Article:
Coming soon: Book III of The Starling Hill Trilogy (and the re-release of the first two books)



Arc Over Time – available from Affinity eBook Press /Amazon.com / Amazon.co.uk / Bella Books / Barnes & Noble / Smashwords / iTunes

Starting Over – available from Affinity eBook Press / Amazon / Barnes & Noble / Bella Books / Smashwords / iTunes.

Short Stories

There Was a Time and The Christmas Sweepstake – both available FREE on the Affinity website

Long nights and new covers

The nights are getting shorter, but slowly it seems. I always think that January feels like the longest month. There’s the come down after Christmas and New Year festivities, the weather is dismal and we’re still getting up in the dark and going to bed in the dark. Spring and summer are distant memories (for those of us in the Northern Hemisphere, anyway).

I don’t think I would diagnose myself as a SAD person suffering from Seasonal Affective Disorder (no surprise that the support organisation is based in the UK). But I do find myself looking forward to brighter days…and a holiday in Tenerife.

And I really don’t have anything to be sad about. I enjoyed a wonderful Christmas break with my wife and friends who we meet up with every year. Our home has survived the floods that have devastated homes and businesses in the area where we live. And I have two novels being published in February and March.

A happy dance is in order, I think.

The first book, due out on February 14, is the third and final installment of the Starling Hill Trilogy. As I have mentioned before I didn’t set out to write a trilogy. My first published novel, Starting Over, had a definite ending. Or so I thought at the time. But there were two characters in particular whose stories weren’t quite finished. Arc Over Time developed their relationship and it could all have ended with that book. But, no, someone else in the story felt they needed a resolution.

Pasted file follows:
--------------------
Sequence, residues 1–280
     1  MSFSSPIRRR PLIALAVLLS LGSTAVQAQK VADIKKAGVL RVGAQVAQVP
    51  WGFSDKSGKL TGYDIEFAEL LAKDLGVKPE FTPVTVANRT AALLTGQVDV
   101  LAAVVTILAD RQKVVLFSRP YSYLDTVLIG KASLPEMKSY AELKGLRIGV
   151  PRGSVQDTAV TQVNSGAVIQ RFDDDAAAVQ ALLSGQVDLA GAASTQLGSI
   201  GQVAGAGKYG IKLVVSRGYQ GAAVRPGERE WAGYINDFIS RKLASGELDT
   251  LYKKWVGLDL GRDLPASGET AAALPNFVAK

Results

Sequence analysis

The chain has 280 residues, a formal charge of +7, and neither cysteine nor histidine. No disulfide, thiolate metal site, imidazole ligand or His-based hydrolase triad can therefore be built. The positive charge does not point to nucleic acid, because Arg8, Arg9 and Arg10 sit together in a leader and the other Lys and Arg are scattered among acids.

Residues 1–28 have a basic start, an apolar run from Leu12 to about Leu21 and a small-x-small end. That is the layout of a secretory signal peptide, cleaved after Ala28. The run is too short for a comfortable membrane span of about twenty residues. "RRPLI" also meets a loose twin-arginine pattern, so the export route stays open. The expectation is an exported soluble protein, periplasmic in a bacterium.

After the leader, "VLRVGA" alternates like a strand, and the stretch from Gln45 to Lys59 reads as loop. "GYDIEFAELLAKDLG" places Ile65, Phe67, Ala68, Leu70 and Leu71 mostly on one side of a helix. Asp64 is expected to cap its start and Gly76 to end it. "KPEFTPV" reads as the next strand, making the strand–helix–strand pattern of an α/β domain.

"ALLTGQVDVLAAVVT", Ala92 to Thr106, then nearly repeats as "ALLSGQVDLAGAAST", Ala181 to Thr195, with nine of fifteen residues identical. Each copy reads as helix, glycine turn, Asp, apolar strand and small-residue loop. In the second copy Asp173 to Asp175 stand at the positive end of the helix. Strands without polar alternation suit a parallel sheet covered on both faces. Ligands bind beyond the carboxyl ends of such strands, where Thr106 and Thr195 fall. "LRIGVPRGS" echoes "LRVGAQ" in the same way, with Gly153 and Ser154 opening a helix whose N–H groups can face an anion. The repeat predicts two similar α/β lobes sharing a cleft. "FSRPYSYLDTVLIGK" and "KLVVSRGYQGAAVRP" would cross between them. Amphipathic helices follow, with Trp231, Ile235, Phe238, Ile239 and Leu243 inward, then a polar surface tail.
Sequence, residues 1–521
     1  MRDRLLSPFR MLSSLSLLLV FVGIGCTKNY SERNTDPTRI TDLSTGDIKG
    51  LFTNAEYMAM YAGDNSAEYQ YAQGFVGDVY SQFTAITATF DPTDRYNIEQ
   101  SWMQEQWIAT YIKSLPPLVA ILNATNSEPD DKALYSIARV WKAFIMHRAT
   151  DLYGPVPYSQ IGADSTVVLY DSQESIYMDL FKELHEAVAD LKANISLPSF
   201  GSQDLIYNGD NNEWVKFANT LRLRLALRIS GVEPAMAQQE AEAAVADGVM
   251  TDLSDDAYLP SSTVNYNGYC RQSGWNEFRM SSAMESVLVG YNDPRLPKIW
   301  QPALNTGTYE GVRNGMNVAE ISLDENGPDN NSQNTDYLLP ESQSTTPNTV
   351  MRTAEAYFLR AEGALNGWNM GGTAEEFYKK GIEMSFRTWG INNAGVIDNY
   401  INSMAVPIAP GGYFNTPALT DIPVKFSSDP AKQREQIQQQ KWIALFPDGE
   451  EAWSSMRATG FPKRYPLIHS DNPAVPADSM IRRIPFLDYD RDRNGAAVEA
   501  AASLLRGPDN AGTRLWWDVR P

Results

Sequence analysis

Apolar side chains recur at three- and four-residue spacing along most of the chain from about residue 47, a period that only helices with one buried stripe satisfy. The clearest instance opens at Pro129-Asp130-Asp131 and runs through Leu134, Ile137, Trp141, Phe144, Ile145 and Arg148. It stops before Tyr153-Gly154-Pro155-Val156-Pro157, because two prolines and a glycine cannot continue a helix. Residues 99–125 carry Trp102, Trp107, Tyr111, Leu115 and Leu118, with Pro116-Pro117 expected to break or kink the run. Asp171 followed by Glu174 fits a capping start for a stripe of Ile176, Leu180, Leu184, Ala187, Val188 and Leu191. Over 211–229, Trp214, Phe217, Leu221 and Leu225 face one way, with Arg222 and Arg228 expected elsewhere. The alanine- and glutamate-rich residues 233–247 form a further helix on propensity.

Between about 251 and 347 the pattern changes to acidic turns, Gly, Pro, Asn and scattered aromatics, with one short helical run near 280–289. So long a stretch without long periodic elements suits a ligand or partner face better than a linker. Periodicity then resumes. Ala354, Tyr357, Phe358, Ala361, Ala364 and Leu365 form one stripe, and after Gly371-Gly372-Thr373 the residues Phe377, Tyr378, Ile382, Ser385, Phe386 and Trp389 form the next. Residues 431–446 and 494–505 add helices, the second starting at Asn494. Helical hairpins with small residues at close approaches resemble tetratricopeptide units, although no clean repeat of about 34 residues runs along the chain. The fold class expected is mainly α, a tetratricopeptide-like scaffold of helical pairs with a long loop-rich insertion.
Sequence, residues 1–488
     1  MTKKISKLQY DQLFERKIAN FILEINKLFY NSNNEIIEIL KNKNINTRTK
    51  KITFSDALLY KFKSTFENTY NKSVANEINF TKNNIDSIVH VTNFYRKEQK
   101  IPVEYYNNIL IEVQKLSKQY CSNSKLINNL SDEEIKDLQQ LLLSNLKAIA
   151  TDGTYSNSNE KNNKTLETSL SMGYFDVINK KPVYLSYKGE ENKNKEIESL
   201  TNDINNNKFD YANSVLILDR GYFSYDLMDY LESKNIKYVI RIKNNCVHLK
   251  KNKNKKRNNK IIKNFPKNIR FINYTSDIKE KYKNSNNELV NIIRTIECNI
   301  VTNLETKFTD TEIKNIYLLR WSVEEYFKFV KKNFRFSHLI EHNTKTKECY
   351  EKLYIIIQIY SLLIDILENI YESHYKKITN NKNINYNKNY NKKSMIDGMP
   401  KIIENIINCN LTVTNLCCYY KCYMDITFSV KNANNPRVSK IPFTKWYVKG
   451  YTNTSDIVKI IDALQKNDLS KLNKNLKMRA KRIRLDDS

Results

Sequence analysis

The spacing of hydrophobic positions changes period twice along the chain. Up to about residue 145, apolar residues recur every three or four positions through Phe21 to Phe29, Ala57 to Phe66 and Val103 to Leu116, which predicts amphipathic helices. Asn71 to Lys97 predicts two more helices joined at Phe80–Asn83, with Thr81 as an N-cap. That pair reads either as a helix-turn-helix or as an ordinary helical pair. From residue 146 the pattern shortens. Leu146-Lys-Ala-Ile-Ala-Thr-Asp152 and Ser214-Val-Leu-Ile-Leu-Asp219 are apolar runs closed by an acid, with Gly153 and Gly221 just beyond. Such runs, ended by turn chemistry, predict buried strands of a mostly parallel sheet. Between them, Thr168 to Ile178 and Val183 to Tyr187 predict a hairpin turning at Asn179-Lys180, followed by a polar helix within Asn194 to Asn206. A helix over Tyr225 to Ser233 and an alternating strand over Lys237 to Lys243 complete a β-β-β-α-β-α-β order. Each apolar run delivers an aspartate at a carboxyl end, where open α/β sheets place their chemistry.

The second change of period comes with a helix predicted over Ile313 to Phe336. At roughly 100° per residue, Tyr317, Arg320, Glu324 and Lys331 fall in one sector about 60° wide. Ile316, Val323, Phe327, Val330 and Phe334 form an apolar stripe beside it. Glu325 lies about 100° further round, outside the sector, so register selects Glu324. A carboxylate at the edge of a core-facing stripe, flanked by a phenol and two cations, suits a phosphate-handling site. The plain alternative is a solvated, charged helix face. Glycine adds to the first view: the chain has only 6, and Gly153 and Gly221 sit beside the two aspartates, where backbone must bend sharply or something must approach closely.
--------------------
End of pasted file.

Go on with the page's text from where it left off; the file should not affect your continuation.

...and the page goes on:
It was a matter of ‘if these bones could talk’…and talk they did. While I was mulling over this idea, there were discussions going on about where Richard III should be reburied. The discovery of his bones under a car park in Leicester was a media sensation, not just in the UK, but also around the world.

My royal personage, whose bones were uncovered in Starting Over and put on display at the British Museum in Arc Over Time, wanted a reburial as well. (As one of the characters in the story remarks – “Has she been watching the news?”)

Carved in Stone brings all this to the fore, along with further developments in the lives of the living characters.

All three books are being released on 14 February (re-releases of the first two) under the banner of ‘The Starling Hill Trilogy’. As Starling Hill is the name of the farm where it all started, it seemed an appropriate title for the series.

So, here it is – the big cover reveal – of not just one, but two books…the new one, Carved in Stone and Arc Over Time, which has had a makeover. (I like to think it’s a Hogwarts-type picture – one character has wandered off and another taken her place.)